Marketing & Consumer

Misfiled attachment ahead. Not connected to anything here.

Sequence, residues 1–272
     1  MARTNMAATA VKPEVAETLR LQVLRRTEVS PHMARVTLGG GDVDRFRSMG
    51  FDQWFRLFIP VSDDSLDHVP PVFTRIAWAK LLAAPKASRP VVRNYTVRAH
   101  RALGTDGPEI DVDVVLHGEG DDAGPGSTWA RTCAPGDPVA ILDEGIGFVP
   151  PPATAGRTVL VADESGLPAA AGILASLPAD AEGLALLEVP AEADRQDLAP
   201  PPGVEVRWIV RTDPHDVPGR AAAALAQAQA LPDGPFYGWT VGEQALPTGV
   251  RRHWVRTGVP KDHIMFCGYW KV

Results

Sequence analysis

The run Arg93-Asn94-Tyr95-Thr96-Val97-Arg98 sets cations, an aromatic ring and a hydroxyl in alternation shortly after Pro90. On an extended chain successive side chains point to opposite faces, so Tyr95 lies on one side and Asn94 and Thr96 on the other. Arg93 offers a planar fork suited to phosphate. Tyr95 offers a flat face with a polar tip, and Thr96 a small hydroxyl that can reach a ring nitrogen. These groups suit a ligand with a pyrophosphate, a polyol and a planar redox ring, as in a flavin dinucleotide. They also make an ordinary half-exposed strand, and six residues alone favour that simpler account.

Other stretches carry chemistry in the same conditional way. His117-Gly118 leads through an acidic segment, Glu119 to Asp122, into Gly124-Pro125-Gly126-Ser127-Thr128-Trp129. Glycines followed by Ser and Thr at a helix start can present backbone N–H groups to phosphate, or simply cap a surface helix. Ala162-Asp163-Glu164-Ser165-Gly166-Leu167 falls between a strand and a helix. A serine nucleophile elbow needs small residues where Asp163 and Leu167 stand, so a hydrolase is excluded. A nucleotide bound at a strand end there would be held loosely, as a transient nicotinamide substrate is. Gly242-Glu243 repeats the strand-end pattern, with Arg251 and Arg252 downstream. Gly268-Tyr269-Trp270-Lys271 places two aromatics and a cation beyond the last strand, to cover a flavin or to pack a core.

The Commission has proposed separating the legislation on medicinal products for veterinary use from the legislation on those for human use. According to the proposal for a Regulation amending Regulation (EC) No 726/2004 (COM/2014/0557), provisions regarding veterinary medicinal products are deleted from the Medicines Regulation. The idea behind the proposal is inter alia to make veterinary medicinal products more accessible and to promote innovation and competitiveness. Granting and maintaining marketing authorization for veterinary medicinal products is proposed to be legislated by a new Regulation on veterinary products (COM/2014/0558). The new Regulation will cause some changes if it comes into effect. It is suggested in the proposal that a granted marketing authorization is valid for unlimited time. Currently, a marketing authorization has to be renewed every five years. It is also proposed that European Medicines Agency establishes a product database for all authorized veterinary medicinal products in the EU. Relevant information of the database, such as a list of the authorized products and their summary of product characteristics, would be available to the public. According to the proposal, Member States can choose the language of the text used in the labeling of veterinary medicinal products authorized in their territory. However, the package leaflet has to be still in the official language of the Member State. In the Commission proposal, prolongation of the periods of the protection of technical documentation is also suggested. If the new Regulation comes into effect, the Finnish Medicines Act and Veterinary Medicines Act have to be amended accordingly. In addition, the Commission gave a proposal (COM/2014/0556) for a Regulation on the manufacture, placing on the market and use of medicated feed and repealing Council Directive (90/167/EEC). The proposed Regulation confirms the provisions regarding manufacturing, transporting, entering the market and using of medicated feed and intermediate products.